Slipcue.Com Celtic & UK Folk Guide


Portrait of folklorist James Francis Child As with other countries and cultures, the folk ballads of England, Ireland, and the British Isles were first created and retained as an oral tradition, composed, passed along and embellished by anaonymous performers over many centuries. In the 18th and 19th Centuries, as new musical styles began to supplant the rustic old ballads, several amatuer folklorists began to collect and catalog the old folk songs, gathering the oft-times gory and melodramatic murder ballads, love songs and historical fables that documented much of the social hsitory of the islands.

Foremost among these academic folklorists was American-born academic Francis James Childs (1825-1896) who gathered the lyrics to hundreds of old songs, some famous, others obscure, and edited his work into a five-volume set which today stands as the wellspring of the modern British folk revival. Child was not the only scholar to document British folk ballads -- others, notably English diarist Samuel Pepys, gathered similar collections -- but Childs was the most thorough, and the most highly regarded. In the 1950s and '70s, when modern musicians began to bring folk music back into the public light, the Child Ballads were dusted off and deeply mined by many of the folk scene's brightest stars. Traditionalists like Ewan MacColl, Martin Carthy and Shirley Collins, along with folk-rock modernists such as the Fairport Convention and Albion Band all bowed in the direction of the multi-volume codex, which was refered to in hushed, reverent tones, a combination encyclopedia, Kaballah and Holy Grail for those in the know. For the select few, citing the ballads by the numbers assigned to them in the Child volumes was a particuar mark of in-crowd authenticity.

Copies of the Child Ballads and similar books are still highly prized and much sought after, as their audience -- academics and hardcore folkies -- remains somewhat small. They have gone in and out of print over the years, and anyone interested in tracking down these books is well advised to pick them up when the opportunity arises. Personally, I'm newcomer to the field, and hardly an expert. But here are notes on a few of the books I've found and enjoyed, with a few recommendations of related records and information about any volumes that are in print, whenever possible.

The Child Ballads & Other Books

"The English And Scottish Popular Ballads, v.I"
Ed. by Francis James Childs
Corrected second edition prepared by Mark F. Heiman and Laura Saxton Heiman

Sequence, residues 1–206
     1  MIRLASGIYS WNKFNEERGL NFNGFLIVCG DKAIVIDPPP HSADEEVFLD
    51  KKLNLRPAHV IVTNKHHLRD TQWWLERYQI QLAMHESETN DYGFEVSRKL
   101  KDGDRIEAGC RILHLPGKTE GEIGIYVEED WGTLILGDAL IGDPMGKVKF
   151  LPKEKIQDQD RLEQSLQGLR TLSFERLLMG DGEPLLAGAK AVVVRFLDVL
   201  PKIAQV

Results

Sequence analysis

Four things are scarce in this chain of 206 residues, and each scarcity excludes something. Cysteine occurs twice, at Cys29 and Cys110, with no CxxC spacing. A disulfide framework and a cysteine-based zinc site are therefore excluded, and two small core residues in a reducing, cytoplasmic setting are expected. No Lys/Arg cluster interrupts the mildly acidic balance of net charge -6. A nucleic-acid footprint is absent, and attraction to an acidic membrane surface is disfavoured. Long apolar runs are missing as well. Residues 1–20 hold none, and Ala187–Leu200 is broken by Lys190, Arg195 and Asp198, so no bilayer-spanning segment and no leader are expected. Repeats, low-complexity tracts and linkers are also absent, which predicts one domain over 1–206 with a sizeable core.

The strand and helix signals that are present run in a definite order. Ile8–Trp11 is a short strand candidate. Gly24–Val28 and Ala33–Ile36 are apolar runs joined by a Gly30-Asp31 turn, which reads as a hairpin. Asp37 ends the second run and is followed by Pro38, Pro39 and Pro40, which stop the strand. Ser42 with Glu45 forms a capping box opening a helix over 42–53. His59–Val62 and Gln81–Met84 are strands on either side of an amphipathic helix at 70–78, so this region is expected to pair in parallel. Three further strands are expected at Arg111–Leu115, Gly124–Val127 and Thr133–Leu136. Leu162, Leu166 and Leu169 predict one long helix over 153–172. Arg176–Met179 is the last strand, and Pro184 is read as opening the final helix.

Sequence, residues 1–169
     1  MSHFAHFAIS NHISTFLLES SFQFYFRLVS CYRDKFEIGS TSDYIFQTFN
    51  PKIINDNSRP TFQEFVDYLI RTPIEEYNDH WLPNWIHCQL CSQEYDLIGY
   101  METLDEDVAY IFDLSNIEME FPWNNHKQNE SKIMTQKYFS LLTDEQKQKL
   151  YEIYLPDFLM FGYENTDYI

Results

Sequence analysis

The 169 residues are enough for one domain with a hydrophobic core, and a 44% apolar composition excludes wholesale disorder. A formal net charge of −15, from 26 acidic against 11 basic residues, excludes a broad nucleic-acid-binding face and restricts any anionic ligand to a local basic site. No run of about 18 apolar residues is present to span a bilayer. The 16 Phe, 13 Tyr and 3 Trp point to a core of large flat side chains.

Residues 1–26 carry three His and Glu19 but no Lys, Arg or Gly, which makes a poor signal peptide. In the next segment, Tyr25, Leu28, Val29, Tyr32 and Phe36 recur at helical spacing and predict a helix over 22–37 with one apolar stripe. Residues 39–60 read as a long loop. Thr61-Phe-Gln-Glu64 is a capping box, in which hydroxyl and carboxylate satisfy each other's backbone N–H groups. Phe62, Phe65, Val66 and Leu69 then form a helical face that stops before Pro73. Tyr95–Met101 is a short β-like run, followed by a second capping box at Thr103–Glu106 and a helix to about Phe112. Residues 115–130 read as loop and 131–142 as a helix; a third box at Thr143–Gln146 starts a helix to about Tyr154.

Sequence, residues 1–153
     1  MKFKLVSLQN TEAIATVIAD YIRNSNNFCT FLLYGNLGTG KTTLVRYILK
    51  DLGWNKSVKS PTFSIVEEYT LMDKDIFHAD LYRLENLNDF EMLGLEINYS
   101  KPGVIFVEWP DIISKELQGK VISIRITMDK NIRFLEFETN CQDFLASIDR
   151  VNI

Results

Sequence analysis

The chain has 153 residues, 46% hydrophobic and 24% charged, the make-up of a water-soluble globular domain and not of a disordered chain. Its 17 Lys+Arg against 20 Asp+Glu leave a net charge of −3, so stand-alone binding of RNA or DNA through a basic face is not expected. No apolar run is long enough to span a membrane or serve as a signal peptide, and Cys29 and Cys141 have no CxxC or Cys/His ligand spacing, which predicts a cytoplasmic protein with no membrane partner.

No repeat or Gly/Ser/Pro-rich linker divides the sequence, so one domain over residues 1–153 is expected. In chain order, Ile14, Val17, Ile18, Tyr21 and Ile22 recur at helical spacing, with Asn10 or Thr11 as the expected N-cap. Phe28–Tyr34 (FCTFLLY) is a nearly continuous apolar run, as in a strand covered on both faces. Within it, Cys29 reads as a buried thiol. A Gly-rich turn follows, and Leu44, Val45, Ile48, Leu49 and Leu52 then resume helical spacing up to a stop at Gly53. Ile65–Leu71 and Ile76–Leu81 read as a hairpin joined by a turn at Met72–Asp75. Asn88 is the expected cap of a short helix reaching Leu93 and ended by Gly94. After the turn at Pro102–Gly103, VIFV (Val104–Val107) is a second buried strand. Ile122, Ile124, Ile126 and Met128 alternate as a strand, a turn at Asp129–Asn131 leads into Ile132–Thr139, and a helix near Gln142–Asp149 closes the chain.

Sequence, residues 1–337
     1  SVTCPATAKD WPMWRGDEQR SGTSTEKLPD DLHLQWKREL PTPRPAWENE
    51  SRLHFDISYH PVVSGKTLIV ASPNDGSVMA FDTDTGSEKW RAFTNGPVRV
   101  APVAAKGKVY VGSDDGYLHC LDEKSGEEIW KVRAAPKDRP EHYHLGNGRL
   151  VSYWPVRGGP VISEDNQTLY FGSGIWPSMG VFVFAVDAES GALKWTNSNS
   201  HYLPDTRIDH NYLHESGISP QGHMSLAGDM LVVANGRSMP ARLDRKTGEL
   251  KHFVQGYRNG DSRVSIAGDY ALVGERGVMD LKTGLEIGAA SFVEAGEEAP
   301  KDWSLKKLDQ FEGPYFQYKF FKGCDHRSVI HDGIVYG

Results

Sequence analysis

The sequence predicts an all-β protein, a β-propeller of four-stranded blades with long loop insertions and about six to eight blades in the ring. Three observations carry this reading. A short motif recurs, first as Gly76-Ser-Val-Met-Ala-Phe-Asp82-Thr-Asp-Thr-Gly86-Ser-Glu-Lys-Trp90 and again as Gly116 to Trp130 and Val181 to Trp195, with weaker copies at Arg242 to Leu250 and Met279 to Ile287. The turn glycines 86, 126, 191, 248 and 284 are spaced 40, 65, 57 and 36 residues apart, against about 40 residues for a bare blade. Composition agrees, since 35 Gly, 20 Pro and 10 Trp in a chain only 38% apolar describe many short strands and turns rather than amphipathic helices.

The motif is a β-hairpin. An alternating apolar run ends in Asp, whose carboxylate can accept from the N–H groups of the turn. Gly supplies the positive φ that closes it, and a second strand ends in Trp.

(Loomis House Press, 2002)

This volume combines the first two books of the original Child Ballad series

"The English And Scottish Popular Ballads, v.II"
Ed. by Francis James Childs
Corrected second edition prepared by Mark F. Heiman and Laura Saxton Heiman
(Loomis House Press, 2002)

This book combines the third and fourth volumes of the original Child Ballad series, ballads numbers 54-113, including such folk revival "hits" as "Willie O Winsbury," "The Little Musgrave and Lady Barnard," "The Famous Flower of Serving Men" and the Christmas-themed "Cherry Tree." There are also dozens of less-frequently revived songs, all with variant versions and copious explanatory notes. Having heard many of these songs on records by singers such as Nic Jones, Martin Carthy, and Shirley Collins, I was delighted to read through the multiple versions included in this book

"The English And Scottish Popular Ballads, v.III"
Ed. by Francis James Childs
Corrected second edition prepared by Mark F. Heiman and Laura Saxton Heiman
(Loomis House Press, 2005)

"The English And Scottish Popular Ballads, v.IV"
Ed. by Francis James Childs
Corrected second edition prepared by Mark F. Heiman and Laura Saxton Heiman
(Loomis House Press, 2008)

"The Oxford Book Of Ballads"
Ed. by Arthur Quiller-Couch
(Oxford University Press, 1955)

"The Oxford Book Of Ballads"
Ed. by James Kinsley
Complied by Amis Kingsley
(Oxford University Press, 1982)

Recommended Recordings

Frankie Armstrong "Till The Grass O'ergrew The Corn" (Fellside, 2006)

Jean Ritchie "Ballads From Her Appalachian Family Tradition" (Smithsonian Folkways, 1961)
When Professor Child proclaimed the British and Irish ballad tradition moribund and fit for a bit of academic taxidermy, it seems he was a bit premature... That's ably demonstrated in this set of songs that Appalachian folk phenomenon Jean Ritchie learned as a child and committed to wax during the opening days of the Kennedy administration, over a half century after Child concluded his songcatching efforts. All the songs here are versions of tunes gathered in Child's monumental, multi-volume English And Scottish Popular Ballads, but sung in the local variant forms that Ritchie learned from her Kentucky kith and kin. And, man! What great performances. Ritchie sings these old murder ballads and morbid epics with a simplicity and authoritativeness that cuts past the centuries and makes the old tales live again. This is realy storytelling and folklore at its best -- the horrific nature of these old songs, in which sisters kill sisters and jealous, cuckholded husbands hack down their rivals is made magnetic in her chillingly matter-of-fact presentation. These are some of the finest, most engrossing versions of "Little Musgrave," "The Unquiet Grave," "Barbary Allen" and other classics that you will ever hear. A riveting record -- highly recommended!


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